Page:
Cowries in the archaeology of West Africa: the present picture

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    Despite the perceived importance of cowrie shells as indicators of long-distance connections in the West African past, their distribution and consumption patterns in archaeological contexts remain surprisingly underexplored, a gap that is only partly explicable by the sparse distribution of archaeological sites within the sub-continent. General writings on the timeline of importation of cowries into West Africa often fail to take into account the latest archaeological evidence and rely instead on accounts drawn from historical or ethnographic documents. This paper is based on a first-hand assessment of over 4500 shells from 78 sites across West Africa, examining chronology, shell species and processes of modification to assess what distribution patterns can tell us about the history of importation and usage of cowries. These first-hand analyses are paralleled by a consideration of published materials. We re-examine the default assumption that two distinct routes of entry existed ‚ÄĒ one overland from North Africa before the fifteenth century, another coming into use from the time sea links were established with the East African coast and becoming predominant by the middle of the nineteenth century. We focus on the eastern part of West Africa, where the importance of imported cowries to local communities in relatively recent periods is well known and from where we have a good archaeological sample. The conclusion is that on suitably large assemblages shell size can be an indication of provenance and that, while the present archaeological picture seems largely to confirm historical sources, much of this may be due to the discrepancy in archaeological data available from the Sahara/Sahel zone compared to the more forested regions of the sub-continent. Future archaeological work will clarify this matter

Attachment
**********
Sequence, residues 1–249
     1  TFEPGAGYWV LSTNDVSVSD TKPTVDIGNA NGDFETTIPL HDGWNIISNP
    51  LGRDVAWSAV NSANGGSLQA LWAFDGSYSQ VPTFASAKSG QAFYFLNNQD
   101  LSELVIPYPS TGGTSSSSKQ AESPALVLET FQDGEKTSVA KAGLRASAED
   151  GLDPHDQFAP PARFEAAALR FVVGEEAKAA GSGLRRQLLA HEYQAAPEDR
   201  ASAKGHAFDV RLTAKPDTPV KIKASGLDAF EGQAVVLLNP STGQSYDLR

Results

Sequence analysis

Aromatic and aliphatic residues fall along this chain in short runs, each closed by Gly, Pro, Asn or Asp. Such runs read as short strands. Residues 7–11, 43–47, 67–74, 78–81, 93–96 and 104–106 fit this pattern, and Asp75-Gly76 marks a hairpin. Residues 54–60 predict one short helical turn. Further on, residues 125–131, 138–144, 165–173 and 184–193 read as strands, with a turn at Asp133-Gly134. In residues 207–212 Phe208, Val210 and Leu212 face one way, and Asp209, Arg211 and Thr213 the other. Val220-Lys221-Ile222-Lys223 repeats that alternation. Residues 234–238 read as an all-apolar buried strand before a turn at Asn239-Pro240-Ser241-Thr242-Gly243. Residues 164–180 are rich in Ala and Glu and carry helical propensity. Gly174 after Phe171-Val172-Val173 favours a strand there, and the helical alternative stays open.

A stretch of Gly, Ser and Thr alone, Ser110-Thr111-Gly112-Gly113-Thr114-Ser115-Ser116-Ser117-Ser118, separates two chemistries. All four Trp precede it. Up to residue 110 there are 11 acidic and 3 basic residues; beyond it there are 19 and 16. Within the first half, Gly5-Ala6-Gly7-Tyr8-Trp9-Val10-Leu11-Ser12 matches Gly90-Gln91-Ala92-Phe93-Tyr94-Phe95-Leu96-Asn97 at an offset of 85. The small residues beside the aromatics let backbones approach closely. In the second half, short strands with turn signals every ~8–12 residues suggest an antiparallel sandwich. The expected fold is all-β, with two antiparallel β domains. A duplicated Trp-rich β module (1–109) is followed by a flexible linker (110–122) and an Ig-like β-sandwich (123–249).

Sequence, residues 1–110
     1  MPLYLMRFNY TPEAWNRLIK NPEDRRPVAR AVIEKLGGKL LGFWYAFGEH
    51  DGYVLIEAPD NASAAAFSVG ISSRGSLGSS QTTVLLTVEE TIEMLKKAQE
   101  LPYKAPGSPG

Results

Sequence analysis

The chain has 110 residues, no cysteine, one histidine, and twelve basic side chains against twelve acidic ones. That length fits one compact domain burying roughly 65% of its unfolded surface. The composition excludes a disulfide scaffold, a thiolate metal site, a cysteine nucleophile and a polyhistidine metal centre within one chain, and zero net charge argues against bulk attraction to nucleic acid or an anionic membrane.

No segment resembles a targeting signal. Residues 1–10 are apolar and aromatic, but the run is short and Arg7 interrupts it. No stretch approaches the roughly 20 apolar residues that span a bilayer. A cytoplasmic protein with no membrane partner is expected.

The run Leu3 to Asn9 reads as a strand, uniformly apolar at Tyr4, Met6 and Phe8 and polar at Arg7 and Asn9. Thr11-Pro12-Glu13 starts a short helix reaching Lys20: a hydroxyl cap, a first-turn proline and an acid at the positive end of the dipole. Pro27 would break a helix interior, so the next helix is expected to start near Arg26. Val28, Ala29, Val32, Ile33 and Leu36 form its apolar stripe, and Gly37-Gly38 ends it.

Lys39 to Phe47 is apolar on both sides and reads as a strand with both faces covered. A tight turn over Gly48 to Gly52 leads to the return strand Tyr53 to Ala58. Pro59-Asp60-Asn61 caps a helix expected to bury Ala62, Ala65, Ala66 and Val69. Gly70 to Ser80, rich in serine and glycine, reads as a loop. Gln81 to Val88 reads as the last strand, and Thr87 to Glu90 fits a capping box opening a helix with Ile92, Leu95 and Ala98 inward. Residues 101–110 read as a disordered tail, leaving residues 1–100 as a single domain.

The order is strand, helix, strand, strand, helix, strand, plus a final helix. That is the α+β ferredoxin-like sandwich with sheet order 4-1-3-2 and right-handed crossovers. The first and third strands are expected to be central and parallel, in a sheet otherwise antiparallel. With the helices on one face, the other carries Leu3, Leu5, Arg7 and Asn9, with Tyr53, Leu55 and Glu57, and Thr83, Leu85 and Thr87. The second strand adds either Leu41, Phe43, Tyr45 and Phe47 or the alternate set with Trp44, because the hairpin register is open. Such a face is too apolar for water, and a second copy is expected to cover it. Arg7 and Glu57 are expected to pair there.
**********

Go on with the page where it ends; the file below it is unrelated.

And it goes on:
Characterizing Long COVID: Deep Phenotype of a Complex Condition.

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    BACKGROUND: Numerous publications describe the clinical manifestations of post-acute sequelae of SARS-CoV-2 (PASC or long COVID ), but they are difficult to integrate because of heterogeneous methods and the lack of a standard for denoting the many phenotypic manifestations. Patient-led studies are of particular importance for understanding the natural history of COVID-19, but integration is hampered because they often use different terms to describe the same symptom or condition. This significant disparity in patient versus clinical characterization motivated the proposed ontological approach to specifying manifestations, which will improve capture and integration of future long COVID studies. METHODS: The Human Phenotype Ontology (HPO) is a widely used standard for exchange and analysis of phenotypic abnormalities in human disease but has not yet been applied to the analysis of COVID-19. FINDINGS: We identified 303 articles published before April 29, 2021, curated 59 relevant manuscripts that described clinical manifestations in 81 cohorts three weeks or more following acute COVID-19, and mapped 287 unique clinical findings to HPO terms. We present layperson synonyms and definitions that can be used to link patient self-report questionnaires to standard medical terminology. Long COVID clinical manifestations are not assessed consistently across studies, and most manifestations have been reported with a wide range of synonyms by different authors. Across at least 10 cohorts, authors reported 31 unique clinical features corresponding to HPO terms; the most commonly reported feature was Fatigue (median 45.1%) and the least commonly reported was Nausea (median 3.9%), but the reported percentages varied widely between studies. INTERPRETATION: Translating long COVID manifestations into computable HPO terms will improve analysis, data capture, and classification of long COVID patients. If researchers, clinicians, and patients share a common language, then studies can be compared/pooled more effectively. Furthermore, mapping lay terminology to HPO will help patients assist clinicians and researchers in creating phenotypic characterizations that are computationally accessible, thereby improving the stratification, diagnosis, and treatment of long COVID. FUNDING: U24TR002306; UL1TR001439; P30AG024832; GBMF4552; R01HG010067; UL1TR002535; K23HL128909; UL1TR002389; K99GM145411

    The Herschel-SPIRE Legacy Survey (HSLS): the scientific goals of a shallow and wide submillimeter imaging survey with SPIRE